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20. The java.awt.event Package

This package defines classes and interfaces used for event handling in the AWT. This package, and all of its classes and interfaces, are new in Java 1.1.

The members of this package fall into three categories:

  • Events. The classes with names ending in "Event" represent specific types of events, generated by the AWT or by one of the AWT components.

  • Listeners. The interfaces in this package are all "event listeners"; their names end with "Listener." These interfaces define the methods that must be implemented by any object that wants to be notified when a particular event occurs. Note that there is a Listener interface for each Event class.

  • Adapters. Each of the classes with a name ending in "Adapter" provides a no-op implementation for an event listener interface that defines more than one method. When you are only interested in a single method of an event listener interface, it is easier to subclass an Adapter class than to implement all of the methods of the corresponding Listener interface.

Figure 20.1 shows the class hierarchy for this package. See Chapter 7, Events, for more information on events and event handling.

20.1 java.awt.event.ActionEvent (JDK 1.1)

An object of this class represents a high-level "action" event generated by an AWT component. Instead of representing a direct user event, such as a mouse or keyboard event, ActionEvent represents some sort of action performed by the user on an AWT component.

The getID() method returns the type of action that has occurred. For AWT-generated action events, this type is always ActionEvent.ACTION_PERFORMED; custom components can generate action events of other types.

The getActionCommand() method returns a String that serves as a kind of name for the action that the event represents. The Button and MenuItem components have a setActionCommand() method that allows the programmer to specify an "action command" string to be included with any action events generated by those components. It is this value that is returned by the getActionCommand() method. When more than one Button or other component notifies the same ActionListener, you can use getActionCommand() to help determine the appropriate response to the event. This is generally a better technique than using the source object returned by getSource(). If no action command string is explicitly set, getActionCommand returns the label of the Button or MenuItem. Note, however, that internationalized programs should not rely on these labels to be constant.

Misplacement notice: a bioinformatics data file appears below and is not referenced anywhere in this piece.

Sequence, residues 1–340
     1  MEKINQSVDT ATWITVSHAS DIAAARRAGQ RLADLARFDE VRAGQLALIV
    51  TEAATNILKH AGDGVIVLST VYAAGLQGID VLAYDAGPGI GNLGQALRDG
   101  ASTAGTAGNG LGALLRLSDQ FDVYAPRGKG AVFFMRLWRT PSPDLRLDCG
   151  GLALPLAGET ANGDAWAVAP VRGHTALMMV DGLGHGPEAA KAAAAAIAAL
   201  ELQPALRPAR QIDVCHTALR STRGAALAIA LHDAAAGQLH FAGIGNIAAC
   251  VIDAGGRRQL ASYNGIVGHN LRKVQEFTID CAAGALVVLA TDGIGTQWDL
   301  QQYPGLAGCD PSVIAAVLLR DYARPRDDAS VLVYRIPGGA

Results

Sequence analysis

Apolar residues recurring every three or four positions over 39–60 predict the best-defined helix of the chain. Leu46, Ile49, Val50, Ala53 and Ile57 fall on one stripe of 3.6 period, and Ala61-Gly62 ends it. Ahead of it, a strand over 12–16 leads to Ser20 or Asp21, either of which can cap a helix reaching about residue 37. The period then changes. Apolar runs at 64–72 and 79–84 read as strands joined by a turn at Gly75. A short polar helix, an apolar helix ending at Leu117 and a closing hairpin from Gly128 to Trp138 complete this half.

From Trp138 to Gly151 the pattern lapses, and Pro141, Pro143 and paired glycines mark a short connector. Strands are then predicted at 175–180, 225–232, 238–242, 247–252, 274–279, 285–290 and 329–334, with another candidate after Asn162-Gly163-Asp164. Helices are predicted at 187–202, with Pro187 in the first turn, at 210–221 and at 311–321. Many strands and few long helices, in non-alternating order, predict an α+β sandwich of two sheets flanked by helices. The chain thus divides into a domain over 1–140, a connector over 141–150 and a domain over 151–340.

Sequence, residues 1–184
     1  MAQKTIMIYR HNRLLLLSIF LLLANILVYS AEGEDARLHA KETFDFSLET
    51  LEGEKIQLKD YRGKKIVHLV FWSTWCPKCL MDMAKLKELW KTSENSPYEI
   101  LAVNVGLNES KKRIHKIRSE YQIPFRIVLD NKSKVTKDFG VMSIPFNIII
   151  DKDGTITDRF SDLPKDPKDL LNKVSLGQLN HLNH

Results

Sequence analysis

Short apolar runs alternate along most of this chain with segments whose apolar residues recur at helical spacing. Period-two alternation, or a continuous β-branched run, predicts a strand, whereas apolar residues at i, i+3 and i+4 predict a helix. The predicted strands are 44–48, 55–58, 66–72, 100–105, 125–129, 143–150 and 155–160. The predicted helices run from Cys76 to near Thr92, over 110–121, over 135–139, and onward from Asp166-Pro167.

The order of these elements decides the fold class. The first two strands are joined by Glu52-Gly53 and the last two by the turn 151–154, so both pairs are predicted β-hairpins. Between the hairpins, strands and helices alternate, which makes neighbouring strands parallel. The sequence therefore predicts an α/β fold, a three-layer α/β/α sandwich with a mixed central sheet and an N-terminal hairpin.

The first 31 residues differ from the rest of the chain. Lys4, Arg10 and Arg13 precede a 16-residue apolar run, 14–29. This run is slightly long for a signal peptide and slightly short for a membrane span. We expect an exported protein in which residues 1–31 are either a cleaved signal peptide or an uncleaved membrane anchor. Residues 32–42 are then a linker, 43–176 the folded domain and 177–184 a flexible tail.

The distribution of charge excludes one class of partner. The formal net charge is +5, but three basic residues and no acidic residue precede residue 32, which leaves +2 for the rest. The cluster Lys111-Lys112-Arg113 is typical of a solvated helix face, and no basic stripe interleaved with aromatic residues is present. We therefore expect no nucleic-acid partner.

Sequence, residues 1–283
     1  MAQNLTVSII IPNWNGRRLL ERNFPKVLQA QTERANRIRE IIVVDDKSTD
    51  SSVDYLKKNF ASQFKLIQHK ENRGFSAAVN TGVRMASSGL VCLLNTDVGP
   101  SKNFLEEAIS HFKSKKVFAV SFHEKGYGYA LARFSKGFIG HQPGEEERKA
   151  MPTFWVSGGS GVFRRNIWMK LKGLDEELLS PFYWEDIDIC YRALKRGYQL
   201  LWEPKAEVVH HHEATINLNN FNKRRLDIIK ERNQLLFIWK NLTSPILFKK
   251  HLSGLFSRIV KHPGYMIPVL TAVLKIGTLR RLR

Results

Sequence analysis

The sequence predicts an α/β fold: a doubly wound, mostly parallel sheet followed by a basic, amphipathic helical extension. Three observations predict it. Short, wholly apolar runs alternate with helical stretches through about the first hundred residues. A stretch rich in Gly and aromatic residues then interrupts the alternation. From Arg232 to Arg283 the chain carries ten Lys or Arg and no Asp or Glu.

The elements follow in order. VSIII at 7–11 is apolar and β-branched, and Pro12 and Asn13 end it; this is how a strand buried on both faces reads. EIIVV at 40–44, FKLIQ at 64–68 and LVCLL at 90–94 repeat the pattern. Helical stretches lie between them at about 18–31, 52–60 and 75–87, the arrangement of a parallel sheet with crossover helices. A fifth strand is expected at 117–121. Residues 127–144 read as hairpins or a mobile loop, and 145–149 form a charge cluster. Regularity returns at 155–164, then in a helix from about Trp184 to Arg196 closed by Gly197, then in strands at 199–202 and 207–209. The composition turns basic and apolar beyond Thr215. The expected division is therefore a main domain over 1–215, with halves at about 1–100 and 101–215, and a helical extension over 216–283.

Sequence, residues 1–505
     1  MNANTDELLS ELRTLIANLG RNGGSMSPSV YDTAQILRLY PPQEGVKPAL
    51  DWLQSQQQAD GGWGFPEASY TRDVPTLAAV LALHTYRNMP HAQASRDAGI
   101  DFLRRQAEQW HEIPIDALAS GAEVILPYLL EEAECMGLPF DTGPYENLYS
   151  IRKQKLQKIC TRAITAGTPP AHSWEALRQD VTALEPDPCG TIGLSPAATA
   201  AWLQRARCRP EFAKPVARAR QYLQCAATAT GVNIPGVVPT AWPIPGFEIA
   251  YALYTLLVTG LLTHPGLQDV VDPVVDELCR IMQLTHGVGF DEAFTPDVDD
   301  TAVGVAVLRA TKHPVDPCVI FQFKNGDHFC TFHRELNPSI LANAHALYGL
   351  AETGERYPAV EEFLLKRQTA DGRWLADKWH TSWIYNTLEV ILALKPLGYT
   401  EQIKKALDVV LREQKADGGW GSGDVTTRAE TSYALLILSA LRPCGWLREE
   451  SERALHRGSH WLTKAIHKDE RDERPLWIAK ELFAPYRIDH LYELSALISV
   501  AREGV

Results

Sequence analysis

Finally, getModifiers() returns a value that indicates what keyboard modifiers were in effect when the action event was triggered. Use the various _MASK constants, along with the & operator to decode this value.

public class ActionEvent extends AWTEvent {
    // Public Constructors
            public ActionEvent(Object source, int id, String command);
            public ActionEvent(Object source, int id, String command, int modifiers);
    // Constants
            public static final int ACTION_FIRST;
            public static final int ACTION_LAST;
            public static final int ACTION_PERFORMED;
            public static final int ALT_MASK;
            public static final int CTRL_MASK;
            public static final int META_MASK;
            public static final int SHIFT_MASK;
    // Public Instance Methods
            public String getActionCommand();
            public int getModifiers();
            public String paramString();  // Overrides AWTEvent
}

Hierarchy:

Object->EventObject(Serializable)->AWTEvent->ActionEvent

Passed To:

ActionListener.actionPerformed(), AWTEventMulticaster.actionPerformed(), Button.processActionEvent(), List.processActionEvent(), MenuItem.processActionEvent(), TextField.processActionEvent()


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